Ten Is a Crowd
There was a time when the solar system, like life itself, was simple and orderly. There were nine planets, one asteroid belt and a reasonable number of well-behaving moons. The planets orbited the sun in a predictable fashion. Everything seemed not only neat and tidy, but rather bourgeois.
That solar system has been destroyed by the latest generation of astronomers. You may have heard that there's now a 10th planet. No one needed a 10th planet, no one really wanted a 10th planet, but it's there, and now there's not a dang thing anyone can do about it.
Astronomers hellbent on disordering the solar system are now saying that neither Pluto nor this new planet, "2003UB313," are really "planets," but rather are "Kuiper Belt objects." The Kuiper Belt is a kind of tent city on the edge of town, with thousands of planetoids, planetisimals, planetudinals and assorted riffraff that would never be admitted to the better Zip codes of the solar system.
Even farther out is a relatively new subdivision called the Oort cloud, a gaggle of icy objects, arguably an unnecessary addition to the solar system, serving little purpose other than to aggrandize Dr. Oort.
A case can be made that astronomers need to stop discovering things that mess up perfectly good models of the universe. If it ain't broke, don't fix it. Unfortunately, science is kind of compulsive: It keeps going. It keeps poking, prodding, measuring, falsifying and very occasionally proving. With new instruments, we look into the guts of molecules and then out to the cosmic horizon. What we discover is that nature isn't simple and orderly. It's hideously complicated, unruly, unpredictable, radical. The dang thing refuses to behave.
At the deepest level of the physical universe, there doesn't seem to be any hard ground at all. All that quantum duality: Light doesn't have to make up its mind about whether it's a particle or a wave. (It will say to itself, "I'm feeling kind of particulate today.") The Uncertainty Principle fogs up the joint. Even the constants of nature, we now hear, aren't actually constant. The gravitational constant, for example, once a pillar of the community, may turn out to be a little bit moody. The cosmological constant, governing the expansion of the universe, appears to have hit a manic phase a few billion years back, mashing the gas pedal like a teenager on a joyride. The latest estimate is that, at the rate we're going, the whole universe will eventually dissipate into an incomprehensibly dull, vapid, poofy nothingness. (Kind of like Washington in August.) These revelations confirm a fundamental fact about science: It is always telling us things we don't really want to know. It's like an irritating houseguest who points out faults in the plumbing. Two discoveries are particularly upsetting: Human beings are related to the lowest orders of pond scum, and the Earth is a trivial little speck, a nodule on the edge of a mote of dust, in the vast cosmic sea. Scientists are pretty blunt: The universe doesn't appear to be about us.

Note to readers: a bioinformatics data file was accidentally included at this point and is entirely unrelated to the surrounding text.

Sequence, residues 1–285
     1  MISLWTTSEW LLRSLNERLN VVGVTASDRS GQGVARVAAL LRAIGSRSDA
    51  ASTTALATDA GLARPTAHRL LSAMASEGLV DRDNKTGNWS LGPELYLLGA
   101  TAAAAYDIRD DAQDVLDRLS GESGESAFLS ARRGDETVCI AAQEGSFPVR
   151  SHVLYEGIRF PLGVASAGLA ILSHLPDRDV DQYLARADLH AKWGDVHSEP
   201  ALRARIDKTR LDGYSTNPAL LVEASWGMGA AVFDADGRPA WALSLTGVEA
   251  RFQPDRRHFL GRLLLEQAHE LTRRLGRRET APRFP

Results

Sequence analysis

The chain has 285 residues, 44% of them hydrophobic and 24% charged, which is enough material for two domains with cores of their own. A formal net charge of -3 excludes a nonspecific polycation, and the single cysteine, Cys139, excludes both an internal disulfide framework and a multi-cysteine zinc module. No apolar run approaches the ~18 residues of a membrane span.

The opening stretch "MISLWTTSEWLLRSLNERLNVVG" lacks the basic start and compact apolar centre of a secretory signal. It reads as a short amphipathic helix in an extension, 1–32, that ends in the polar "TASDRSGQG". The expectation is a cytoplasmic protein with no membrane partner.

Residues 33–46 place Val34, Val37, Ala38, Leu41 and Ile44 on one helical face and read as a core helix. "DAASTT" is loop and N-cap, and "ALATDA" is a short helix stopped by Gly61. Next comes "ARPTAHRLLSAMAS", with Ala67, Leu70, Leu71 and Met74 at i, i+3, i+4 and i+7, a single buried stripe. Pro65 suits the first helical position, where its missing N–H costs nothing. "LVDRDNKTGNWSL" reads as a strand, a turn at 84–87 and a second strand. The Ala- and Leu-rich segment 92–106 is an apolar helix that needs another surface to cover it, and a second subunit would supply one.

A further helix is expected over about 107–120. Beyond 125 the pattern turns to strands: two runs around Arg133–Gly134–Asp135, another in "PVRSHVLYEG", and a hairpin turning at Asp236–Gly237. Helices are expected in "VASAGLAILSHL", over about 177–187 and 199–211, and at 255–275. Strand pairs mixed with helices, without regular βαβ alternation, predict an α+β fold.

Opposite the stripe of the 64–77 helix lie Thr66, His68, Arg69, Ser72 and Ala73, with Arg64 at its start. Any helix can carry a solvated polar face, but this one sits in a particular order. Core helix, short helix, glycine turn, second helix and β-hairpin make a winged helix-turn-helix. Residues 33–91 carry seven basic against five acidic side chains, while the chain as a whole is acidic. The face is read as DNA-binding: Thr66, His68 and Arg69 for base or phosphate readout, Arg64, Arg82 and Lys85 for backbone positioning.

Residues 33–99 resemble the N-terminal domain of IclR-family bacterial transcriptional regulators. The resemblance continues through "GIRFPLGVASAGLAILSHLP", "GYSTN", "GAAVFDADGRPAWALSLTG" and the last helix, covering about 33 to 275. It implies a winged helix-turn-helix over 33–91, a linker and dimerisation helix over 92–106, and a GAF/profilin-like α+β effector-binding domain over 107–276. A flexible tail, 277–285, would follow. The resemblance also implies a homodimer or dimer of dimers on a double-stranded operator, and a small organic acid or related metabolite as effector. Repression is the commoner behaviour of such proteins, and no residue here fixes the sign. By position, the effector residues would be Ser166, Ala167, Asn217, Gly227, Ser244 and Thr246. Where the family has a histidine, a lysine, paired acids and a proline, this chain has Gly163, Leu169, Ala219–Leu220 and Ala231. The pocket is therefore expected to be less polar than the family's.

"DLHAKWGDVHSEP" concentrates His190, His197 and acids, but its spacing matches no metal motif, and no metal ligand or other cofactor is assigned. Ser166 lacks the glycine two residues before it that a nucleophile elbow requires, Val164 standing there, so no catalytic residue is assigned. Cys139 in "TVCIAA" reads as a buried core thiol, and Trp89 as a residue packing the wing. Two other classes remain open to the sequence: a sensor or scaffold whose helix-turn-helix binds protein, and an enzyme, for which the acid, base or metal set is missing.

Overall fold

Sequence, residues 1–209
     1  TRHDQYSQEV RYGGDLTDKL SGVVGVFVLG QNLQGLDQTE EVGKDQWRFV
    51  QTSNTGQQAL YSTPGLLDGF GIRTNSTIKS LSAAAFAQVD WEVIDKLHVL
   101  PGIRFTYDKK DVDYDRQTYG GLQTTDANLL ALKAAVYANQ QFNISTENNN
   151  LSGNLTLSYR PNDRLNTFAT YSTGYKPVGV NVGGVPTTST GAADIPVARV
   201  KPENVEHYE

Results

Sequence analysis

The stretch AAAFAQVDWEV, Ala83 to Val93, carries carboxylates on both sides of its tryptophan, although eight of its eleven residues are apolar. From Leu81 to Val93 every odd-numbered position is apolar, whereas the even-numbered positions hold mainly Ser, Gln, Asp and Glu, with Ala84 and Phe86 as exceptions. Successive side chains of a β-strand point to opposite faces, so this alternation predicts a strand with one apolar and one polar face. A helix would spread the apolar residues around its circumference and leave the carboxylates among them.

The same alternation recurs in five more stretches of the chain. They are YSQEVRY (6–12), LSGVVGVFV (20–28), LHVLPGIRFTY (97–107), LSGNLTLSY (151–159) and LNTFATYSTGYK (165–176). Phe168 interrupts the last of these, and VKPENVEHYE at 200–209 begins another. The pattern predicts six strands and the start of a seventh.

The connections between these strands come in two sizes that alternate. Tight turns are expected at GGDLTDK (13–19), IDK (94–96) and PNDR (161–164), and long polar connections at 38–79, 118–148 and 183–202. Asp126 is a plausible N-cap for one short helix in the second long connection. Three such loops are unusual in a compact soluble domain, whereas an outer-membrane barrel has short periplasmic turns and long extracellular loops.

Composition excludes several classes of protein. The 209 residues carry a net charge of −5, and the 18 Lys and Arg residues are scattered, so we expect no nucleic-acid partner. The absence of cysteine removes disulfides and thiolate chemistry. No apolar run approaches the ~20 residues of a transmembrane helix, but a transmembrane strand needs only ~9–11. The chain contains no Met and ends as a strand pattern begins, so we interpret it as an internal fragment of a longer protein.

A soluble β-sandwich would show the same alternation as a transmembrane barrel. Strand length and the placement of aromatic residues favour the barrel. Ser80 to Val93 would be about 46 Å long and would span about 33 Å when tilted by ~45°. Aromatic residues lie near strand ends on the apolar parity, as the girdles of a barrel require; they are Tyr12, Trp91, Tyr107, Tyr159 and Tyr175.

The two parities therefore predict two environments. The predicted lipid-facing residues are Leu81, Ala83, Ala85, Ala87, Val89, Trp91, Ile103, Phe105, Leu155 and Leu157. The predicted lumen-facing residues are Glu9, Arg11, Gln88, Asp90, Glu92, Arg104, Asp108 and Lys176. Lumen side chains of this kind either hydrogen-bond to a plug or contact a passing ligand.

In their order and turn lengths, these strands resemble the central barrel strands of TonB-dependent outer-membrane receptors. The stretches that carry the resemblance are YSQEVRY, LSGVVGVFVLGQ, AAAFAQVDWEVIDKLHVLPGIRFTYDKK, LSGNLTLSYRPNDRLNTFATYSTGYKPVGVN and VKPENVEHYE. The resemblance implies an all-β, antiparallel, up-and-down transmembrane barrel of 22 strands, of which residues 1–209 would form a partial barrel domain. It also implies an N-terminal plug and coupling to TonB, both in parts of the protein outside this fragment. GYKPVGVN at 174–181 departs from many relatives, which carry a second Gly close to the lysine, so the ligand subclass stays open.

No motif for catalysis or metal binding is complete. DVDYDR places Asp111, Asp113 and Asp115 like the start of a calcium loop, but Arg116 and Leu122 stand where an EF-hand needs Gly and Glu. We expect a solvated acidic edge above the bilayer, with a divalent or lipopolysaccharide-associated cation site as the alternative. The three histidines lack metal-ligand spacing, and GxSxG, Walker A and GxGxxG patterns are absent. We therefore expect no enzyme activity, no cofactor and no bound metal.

Naturally there are various folks who would like to restore our primacy, our centrality, our self-respect. They're not eager to embrace the multiple diminutions of mankind offered by science. This battle has been going on, under one name or another, since Copernicus kicked the Earth to the curb in 1543. The central question never goes away: Are we special? Or are we just totally beside the point?
Go back to that new planetoid, out there beyond Pluto. It has almost surely never seen anything so sublime as a drop of water, much less a bacterium, or a flower. Survey all the worlds and worldlets in our solar system, and you'll see one nasty, cold, parched, bleached, hostile place after another. Clever astronomers have found more than 100 planets orbiting distant stars, but nothing yet that looks like a plausible place to grow tomatoes. Life, as we know it on Earth, is amazingly adaptive and resourceful. Because life is so ingenious and adaptive, it's probably out there, somewhere, indeed in many places, in that big cosmic sea, but what we know so far is only that there are a lot of ways for a world to be dead, to be absolutely sterile.
In the nearly 400 years since Galileo aimed his tube at the night sky, we've never seen anything that looks like Earth. So, yeah, call it special. Science will get around someday to showing otherwise. But for now, even if we're not the point, it's still good to be us.
Read Joel Achenbach weekdays at washingtonpost.com/achenblog.